Article Text

Download PDFPDF
Letter
Dystonia in paediatric intensive care: a retrospective prevalence study
  1. Rumsha Ahmed1,
  2. Ben Griffiths2,
  3. Daniel E Lumsden3
  1. 1Children’s Neurosciences, Evelina London Children’s Healthcare, London, UK
  2. 2Paediatric Intensive Care, Evelina London Children’s Healthcare, London, London, UK
  3. 3Paediatric Neurosciences, Guy’s and St Thomas' NHS Foundation Trust, London, UK
  1. Correspondence to Dr Daniel E Lumsden, Paediatric Neurosciences, Guy’s and St Thomas' NHS Foundation Trust, London SE1 7EH, UK; daniel.lumsden{at}gstt.nhs.uk

Statistics from Altmetric.com

Termed status dystonicus when most severe,1 dystonia is a disorder in which muscle contractions generate abnormal movements and/or postures.2 While it is recognised that severe dystonia may require intensive care management,1 there is a paucity of data addressing the prevalence of dystonia in paediatric intensive care units (PICUs). We therefore aimed to determine the incidence of dystonia as a contributor to the need for admission to PICU and/or as a factor complicating PICU admission at a single centre. To this effect, we performed a 10-year retrospective review of admissions to Evelina London Children’s Hospital (ELCH) PICU as well as interrogating the Paediatric Intensive Care Audit Network (PICANet) database3 for all UK centres to identify admissions caused by dystonia (see online supplementary material).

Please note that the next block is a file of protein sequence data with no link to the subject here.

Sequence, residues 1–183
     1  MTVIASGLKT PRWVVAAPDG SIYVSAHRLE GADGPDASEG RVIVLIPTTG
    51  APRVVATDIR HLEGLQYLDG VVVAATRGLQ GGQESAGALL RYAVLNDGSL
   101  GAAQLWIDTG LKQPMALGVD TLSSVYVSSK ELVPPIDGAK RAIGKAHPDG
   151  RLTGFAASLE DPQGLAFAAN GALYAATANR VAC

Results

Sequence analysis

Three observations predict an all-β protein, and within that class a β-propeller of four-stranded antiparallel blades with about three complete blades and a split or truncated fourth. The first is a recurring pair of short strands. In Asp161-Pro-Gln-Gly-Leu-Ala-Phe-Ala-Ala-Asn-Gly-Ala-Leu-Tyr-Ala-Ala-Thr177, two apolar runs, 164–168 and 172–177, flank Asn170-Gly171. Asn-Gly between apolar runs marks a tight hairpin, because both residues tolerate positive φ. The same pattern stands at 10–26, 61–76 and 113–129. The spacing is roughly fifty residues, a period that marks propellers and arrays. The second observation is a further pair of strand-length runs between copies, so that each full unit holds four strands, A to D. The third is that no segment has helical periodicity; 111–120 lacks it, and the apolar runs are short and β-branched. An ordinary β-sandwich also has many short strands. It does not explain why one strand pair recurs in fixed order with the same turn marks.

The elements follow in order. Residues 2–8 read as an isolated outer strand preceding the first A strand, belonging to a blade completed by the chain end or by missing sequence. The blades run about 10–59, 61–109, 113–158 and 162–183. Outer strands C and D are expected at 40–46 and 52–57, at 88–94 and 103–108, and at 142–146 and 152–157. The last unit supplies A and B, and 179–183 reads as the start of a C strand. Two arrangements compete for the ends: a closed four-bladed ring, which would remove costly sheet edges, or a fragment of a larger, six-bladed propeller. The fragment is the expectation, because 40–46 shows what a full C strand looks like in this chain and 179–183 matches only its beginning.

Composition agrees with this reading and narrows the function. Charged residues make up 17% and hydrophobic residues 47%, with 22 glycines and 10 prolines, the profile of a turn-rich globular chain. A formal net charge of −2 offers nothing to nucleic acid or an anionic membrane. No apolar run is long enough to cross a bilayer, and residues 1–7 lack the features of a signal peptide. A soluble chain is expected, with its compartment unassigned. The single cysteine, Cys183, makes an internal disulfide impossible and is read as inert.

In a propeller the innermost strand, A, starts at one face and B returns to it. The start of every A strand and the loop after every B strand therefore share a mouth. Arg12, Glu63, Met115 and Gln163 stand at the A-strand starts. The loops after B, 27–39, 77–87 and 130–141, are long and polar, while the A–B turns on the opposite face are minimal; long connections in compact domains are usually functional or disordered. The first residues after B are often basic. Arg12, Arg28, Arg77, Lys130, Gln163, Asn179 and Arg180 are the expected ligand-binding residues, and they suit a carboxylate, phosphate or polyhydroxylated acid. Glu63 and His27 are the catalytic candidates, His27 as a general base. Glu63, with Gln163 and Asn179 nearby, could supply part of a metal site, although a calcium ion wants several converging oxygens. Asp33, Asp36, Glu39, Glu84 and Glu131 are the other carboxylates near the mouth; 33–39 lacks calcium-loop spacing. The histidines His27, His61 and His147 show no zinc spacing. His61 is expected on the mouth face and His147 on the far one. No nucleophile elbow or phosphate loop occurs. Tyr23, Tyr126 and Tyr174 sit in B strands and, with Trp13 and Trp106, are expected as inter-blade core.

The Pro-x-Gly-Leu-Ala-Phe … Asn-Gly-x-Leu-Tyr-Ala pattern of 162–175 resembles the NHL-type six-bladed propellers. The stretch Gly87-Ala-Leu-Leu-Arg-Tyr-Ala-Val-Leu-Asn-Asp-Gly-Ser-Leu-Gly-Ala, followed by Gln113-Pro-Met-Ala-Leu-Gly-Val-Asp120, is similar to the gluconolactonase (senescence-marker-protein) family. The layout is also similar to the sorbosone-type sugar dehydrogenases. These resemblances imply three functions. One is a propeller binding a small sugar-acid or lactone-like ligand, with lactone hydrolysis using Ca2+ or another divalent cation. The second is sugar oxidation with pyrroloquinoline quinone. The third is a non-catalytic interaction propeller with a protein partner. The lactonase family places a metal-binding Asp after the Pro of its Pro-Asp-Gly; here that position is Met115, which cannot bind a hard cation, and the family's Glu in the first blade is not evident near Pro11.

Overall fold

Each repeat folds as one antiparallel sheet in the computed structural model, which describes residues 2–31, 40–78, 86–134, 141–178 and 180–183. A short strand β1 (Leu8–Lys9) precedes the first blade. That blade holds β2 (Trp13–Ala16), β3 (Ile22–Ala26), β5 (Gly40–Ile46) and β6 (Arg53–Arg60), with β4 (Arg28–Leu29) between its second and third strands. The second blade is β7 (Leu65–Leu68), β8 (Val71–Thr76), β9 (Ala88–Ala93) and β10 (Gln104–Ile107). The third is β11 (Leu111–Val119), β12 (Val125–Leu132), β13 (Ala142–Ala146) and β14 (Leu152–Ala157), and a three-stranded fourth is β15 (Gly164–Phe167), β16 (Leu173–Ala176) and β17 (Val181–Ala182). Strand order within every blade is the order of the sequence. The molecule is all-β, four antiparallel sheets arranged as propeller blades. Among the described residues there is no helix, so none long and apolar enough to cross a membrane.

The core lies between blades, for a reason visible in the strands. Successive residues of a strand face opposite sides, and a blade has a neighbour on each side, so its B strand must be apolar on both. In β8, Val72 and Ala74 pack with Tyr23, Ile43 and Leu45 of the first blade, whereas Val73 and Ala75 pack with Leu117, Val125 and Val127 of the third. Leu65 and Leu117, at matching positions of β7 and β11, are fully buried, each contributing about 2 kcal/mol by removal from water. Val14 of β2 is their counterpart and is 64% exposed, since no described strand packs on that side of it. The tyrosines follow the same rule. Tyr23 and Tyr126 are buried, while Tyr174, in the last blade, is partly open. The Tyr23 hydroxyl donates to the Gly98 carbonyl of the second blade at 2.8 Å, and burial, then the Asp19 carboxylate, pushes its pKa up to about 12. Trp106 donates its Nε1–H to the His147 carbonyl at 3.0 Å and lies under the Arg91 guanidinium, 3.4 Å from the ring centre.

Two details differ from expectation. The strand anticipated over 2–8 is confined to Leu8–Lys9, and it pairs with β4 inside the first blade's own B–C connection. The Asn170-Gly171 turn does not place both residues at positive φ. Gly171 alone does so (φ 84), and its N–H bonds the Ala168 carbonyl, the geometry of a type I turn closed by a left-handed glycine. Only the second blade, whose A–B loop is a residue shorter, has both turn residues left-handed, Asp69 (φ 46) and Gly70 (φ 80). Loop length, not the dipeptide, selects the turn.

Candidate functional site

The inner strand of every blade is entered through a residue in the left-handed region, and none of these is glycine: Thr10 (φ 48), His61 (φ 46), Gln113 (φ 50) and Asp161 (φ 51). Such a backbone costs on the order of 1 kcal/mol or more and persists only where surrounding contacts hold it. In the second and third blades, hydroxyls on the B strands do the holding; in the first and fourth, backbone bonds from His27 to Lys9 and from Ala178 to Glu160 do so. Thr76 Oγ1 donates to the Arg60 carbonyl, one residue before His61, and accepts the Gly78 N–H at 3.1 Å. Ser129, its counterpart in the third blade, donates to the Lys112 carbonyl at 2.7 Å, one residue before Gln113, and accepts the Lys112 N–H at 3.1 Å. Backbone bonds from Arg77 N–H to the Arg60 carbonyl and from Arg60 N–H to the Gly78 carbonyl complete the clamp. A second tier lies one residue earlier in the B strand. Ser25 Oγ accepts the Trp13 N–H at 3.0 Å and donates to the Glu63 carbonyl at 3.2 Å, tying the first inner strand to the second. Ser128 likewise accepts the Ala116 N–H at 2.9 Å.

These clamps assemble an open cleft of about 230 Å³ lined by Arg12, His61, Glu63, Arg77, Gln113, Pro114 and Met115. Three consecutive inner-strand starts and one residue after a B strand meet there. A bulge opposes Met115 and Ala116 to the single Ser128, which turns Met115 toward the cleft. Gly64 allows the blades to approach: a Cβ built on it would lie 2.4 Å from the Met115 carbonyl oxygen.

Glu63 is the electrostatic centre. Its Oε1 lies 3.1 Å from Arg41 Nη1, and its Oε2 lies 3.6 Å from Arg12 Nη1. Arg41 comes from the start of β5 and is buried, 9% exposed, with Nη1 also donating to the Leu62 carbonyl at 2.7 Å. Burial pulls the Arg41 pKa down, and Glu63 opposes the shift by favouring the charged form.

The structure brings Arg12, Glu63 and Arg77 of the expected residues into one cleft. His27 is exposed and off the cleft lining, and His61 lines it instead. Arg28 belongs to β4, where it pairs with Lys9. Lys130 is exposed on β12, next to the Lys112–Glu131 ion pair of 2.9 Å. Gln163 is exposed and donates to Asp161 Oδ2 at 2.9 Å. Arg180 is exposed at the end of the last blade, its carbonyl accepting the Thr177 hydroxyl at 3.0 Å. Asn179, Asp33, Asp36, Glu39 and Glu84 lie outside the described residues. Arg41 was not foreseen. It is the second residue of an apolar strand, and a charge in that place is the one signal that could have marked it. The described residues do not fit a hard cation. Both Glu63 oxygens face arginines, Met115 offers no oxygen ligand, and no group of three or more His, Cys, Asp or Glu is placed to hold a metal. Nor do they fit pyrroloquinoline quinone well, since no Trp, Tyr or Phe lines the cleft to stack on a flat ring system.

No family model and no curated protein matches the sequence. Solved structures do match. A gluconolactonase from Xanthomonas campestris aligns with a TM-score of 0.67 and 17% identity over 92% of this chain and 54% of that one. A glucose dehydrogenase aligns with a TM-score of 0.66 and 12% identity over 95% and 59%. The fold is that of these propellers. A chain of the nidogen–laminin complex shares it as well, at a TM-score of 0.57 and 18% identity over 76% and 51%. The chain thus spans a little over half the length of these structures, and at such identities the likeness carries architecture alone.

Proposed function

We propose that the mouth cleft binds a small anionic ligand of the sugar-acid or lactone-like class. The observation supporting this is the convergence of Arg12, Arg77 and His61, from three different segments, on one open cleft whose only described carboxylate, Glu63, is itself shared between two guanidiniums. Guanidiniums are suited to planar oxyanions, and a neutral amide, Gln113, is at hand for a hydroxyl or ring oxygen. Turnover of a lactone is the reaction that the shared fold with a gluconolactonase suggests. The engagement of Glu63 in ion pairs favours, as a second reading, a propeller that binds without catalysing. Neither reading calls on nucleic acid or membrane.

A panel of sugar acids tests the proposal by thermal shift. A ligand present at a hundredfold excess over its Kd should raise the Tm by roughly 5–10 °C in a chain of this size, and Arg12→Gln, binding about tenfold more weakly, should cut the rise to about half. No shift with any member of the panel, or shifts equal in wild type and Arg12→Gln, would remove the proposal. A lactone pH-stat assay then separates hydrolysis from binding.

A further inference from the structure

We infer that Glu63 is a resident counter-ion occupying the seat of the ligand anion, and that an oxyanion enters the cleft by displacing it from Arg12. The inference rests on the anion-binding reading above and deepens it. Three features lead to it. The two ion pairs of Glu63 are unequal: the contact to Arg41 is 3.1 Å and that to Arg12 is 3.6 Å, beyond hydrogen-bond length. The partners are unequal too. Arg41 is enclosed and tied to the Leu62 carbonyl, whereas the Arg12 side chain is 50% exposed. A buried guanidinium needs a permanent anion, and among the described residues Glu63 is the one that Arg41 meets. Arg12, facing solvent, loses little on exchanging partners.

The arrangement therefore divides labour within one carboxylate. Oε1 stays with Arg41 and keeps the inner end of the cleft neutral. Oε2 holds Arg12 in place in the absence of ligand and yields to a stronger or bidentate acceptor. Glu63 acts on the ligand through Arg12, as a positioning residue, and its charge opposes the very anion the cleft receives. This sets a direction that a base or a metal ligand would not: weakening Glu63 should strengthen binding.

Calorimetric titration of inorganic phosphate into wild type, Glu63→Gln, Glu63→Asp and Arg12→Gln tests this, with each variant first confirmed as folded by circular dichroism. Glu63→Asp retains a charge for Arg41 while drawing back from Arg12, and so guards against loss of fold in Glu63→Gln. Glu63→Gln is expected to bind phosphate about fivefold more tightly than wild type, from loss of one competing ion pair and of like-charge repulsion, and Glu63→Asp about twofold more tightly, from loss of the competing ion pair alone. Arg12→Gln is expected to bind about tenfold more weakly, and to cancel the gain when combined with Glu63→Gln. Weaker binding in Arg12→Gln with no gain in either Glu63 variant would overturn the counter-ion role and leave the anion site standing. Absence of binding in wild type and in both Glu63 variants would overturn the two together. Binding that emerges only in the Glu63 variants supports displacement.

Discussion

Supplementary data

[archdischild-2018-316421supp001.pdf]

There were 12 103 admissions to the ELCH PICU between September 2007 and September 2017, including 583 from patients with ICD-9 codes suggesting a diagnosis which may give rise to dystonia. Case note review confirmed dystonia in 369/583 (63%) admissions. The 369 admissions were experienced …

View Full Text

Request Permissions

If you wish to reuse any or all of this article please use the link below which will take you to the Copyright Clearance Center’s RightsLink service. You will be able to get a quick price and instant permission to reuse the content in many different ways.